And The Surrounding District

Hill House

Other names          Hill House Farm, The Retreat

Origin of name          Presumably from being a farm by the hills

Date built     The farm is listed on the Historic Buildings of Worcestershire project: Farm outbuilding with rough Malvern Stone walls and brick quoins and door surrounds.

Clutterbuck Family

The Clutterbuck family have owned Hill House Farm from at least 1839 to the present day.  Clutterbuck is a rare Gloucestershire surname and the Anglicized form of a Dutch name which may have arrived in England at two periods in English history. Firstly, it may have arrived in Gloucestershire when Edward 111 brought Flemish weavers over to teach their craft to the English, with many settling in the Cotswolds. More likely however, the name followed later from Holland due to the religious persecution of French Huguenots, by the Duke of Alba who suppressed the Protestant revolt in the Netherlands (1567 - 1572), and who fled to nearby countries. The Clutterbucks were prominent in Gloucestershire life for many generations. The name first appears in records in the mid 16th Century (see below). A member of the family was mayor of Bristol in 1739. Henry Clutterbuck (1767 - 1856), studied medicine at Edinburgh 1802, and Glasgow 1804, and became a leading physician in London. Robert Clutterbuck (1772 - 1831), was a topographer who was educated at Oxford in 1794. The first recorded spelling of the family name is shown to be that of one Clutterbuck, which was dated 1545, who was mayor of Gloucestershire, during the reign of King Henry V111, known as "Bluff King Hal", 1509 - 1547.

Their story in Castlemorton beings with William Clutterbuck, born 1773 in Gloucestershire. He married Mary Heaven at Eastington in 1797 and by 1839 owned Hill House Farm near The Gullet in Castlemorton.

The 1839 Tithe records him as owner and occupier of Nos 60, 61, 62, 63, 65 and 65a (6 acres in total). He was renting No 224 as a garden (near Hollybed Farm) from the Dean & Chapter of Westminster; and with John Tombs jointly renting No 254 (The Grove, at the top of Hollybed Common) from the Dean & Chapter of Westminster.

In 1841, William is living there as a Farmer with his wife Mary; and a 35 year old Agricultural Labourer called Thomas Hughes.

In 1843, another William Clutterbuck, alias Greening, 30, labourer, was charged with stealing a duck and a drake, the property John Wadley, at Birtsmorton. The taking of the ducks was substantially proved, but the felonious intent was disputed Mr. Cook, the defendant's counsel, who attempted to show that the thing had been done as a lark, after the prisoner had been imbibing a plentiful supply of cider, whilst mowing for a farmer in the neighbourhood. The prisoner received a good character, but ‘facts are stubborn things’ and a verdict was returned of guilty with a recommendation to mercy. Two weeks imprisonments.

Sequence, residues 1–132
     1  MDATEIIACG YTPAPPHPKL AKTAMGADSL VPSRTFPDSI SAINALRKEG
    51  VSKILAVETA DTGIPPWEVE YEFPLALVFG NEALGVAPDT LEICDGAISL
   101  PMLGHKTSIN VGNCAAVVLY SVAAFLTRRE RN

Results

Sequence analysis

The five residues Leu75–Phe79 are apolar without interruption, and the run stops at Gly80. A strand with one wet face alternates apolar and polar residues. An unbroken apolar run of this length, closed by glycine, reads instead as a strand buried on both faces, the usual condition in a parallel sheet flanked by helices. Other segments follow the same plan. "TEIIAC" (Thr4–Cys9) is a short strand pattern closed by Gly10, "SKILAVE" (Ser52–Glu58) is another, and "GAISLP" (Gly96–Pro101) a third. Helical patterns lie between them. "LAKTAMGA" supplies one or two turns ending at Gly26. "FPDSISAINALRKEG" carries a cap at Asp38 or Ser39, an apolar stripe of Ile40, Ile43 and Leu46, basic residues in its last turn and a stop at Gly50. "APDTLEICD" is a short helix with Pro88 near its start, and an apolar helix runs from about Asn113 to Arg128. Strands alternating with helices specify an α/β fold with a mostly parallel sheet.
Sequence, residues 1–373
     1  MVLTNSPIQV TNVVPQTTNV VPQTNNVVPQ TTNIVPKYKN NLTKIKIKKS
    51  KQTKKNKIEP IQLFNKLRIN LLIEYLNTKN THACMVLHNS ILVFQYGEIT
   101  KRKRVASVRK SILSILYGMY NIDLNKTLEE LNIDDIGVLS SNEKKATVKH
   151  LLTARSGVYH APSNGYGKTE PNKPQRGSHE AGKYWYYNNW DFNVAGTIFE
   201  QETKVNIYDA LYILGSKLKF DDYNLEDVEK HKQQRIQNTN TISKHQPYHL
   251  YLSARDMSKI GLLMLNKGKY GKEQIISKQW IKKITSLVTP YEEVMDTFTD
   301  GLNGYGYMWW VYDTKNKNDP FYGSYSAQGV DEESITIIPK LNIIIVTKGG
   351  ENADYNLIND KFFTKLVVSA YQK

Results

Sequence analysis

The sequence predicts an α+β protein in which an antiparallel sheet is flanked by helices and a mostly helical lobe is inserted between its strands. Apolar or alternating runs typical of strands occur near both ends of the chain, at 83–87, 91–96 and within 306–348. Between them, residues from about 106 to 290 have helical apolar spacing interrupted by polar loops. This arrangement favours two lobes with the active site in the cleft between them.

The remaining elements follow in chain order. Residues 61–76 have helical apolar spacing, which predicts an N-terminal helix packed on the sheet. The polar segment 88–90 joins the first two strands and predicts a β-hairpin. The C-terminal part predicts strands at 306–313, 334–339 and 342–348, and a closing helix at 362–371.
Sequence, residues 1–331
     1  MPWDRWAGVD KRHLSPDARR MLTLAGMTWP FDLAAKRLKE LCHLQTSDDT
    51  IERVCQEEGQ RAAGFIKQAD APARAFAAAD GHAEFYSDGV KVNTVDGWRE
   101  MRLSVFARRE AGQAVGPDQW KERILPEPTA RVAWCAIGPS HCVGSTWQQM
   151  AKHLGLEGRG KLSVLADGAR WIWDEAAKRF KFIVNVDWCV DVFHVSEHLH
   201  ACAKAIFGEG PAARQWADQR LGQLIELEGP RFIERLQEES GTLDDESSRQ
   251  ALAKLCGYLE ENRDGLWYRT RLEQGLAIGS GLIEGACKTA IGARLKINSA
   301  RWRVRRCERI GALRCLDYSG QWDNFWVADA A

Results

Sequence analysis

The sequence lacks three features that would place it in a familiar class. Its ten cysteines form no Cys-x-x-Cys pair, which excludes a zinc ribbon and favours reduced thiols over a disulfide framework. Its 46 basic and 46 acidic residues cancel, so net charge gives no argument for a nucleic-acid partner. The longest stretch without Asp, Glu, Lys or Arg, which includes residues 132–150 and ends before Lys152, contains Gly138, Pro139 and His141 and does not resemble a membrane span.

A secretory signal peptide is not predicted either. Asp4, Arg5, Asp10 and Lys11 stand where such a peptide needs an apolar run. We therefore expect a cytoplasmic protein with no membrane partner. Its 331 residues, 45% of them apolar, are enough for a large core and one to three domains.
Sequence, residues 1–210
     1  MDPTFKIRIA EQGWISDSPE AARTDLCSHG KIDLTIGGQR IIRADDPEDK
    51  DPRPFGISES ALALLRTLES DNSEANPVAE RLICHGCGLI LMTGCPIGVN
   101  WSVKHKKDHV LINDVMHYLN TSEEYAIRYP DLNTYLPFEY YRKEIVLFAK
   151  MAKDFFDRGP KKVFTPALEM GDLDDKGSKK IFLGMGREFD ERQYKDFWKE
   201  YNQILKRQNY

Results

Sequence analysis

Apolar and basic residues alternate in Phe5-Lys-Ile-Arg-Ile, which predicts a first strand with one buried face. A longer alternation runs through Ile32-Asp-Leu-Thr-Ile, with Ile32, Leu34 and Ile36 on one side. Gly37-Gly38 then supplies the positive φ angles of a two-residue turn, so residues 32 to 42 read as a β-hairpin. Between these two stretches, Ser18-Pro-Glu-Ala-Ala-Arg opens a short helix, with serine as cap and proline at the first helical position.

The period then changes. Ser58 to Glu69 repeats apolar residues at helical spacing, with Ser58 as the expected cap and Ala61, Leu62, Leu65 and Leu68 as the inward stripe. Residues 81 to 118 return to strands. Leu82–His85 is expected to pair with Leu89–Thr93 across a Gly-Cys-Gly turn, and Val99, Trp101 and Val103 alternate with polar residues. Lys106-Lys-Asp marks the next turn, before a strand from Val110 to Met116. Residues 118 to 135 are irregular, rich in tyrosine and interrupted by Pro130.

In March 1844, we have the account of a robbery: John Powell, 55, sawyer, was charged with burglariously entering into the house of William Clutterbuck, at Castlemorton on the 26th of December last. Mr. Huddleston, for the defence, called William Clutterbuck, the prosecutor. On the 26th of December last I went to bed about one o'clock, after seeing all the windows and doors safe. My wife got first the morning. When I went down I found that the parlour window had been taken out and the bar burst. I heard no noise in the night. It was six o'clock when I came down stairs in the morning. The bar was nailed top and bottom. The back door was also open. It could not have been opened from the outside in a proper manner. I found the bolts forced back. I missed two lanterns, a new hat, a pair of gaiters, an umbrella, a quantity of bacon and butter, and a pair of new shoes, which I pulled off when I went to bed. John woodman to Mr. Cliffe, of Cradle. On the 28th of December last I was in a piece of land called the Birches, belonging to my master, when saw the prisoner walking about. It was the next day but one after the robbery. I don't know the distance from Castlemorton. He was near some bushes. I saw him go to the bushes and pull out a saw. Then went straight to some other bushes. Had bag, lantern, and an umbrella, with him. I went to him and asked him what he had in his bag. He said it was nothing to me. I insisted on seeing what he had, when he said, Before I'll be took it shall be life for life. I took hold of him and he dropt on his knees and begged for pardon, saying he would give meall he had in his bag if I would let him go. The bag contained a quantity of butter and bacon. I went with him to the policeman Malvern. On going back to the bushes I found a crock and a lantern. I gave all the things I found to policeman Stretton. P. C. Stretton: I received the prisoner in custody on the 28th, and some property from the last witness. (The lanterns, saw, umbrella, &c., were here produced) I know Castlemorton, and also the bush mentioned by last witness. I should think the places were between four and five miles distant. The property was identified by prosecutor; the bacon he could swear to, the bottle he could swear to, for it was all gin; and so he identified every article from some well-remembered peculiarity belonging to each, amid roars laughter on all sides, in which his Lordship heartily joined. Guilty. The prisoner admitted having been convicted at Hereford about thirteen years ago.—Ten years transportation.